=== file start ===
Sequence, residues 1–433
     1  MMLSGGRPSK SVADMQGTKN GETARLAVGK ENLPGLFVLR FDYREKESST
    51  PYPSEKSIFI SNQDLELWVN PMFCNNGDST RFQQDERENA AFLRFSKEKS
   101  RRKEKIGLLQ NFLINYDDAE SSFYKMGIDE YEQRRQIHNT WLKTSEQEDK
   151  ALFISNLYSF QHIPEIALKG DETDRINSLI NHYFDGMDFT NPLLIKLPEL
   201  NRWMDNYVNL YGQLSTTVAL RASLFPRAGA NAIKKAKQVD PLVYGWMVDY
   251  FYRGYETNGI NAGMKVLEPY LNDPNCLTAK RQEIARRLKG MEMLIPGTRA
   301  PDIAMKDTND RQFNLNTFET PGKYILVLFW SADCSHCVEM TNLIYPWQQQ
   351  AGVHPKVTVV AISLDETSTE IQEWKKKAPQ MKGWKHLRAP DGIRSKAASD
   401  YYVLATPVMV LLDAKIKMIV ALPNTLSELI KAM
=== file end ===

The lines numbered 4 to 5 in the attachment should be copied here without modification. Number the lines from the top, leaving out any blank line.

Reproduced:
   101  RRKEKIGLLQ NFLINYDDAE SSFYKMGIDE YEQRRQIHNT WLKTSEQEDK
   151  ALFISNLYSF QHIPEIALKG DETDRINSLI NHYFDGMDFT NPLLIKLPEL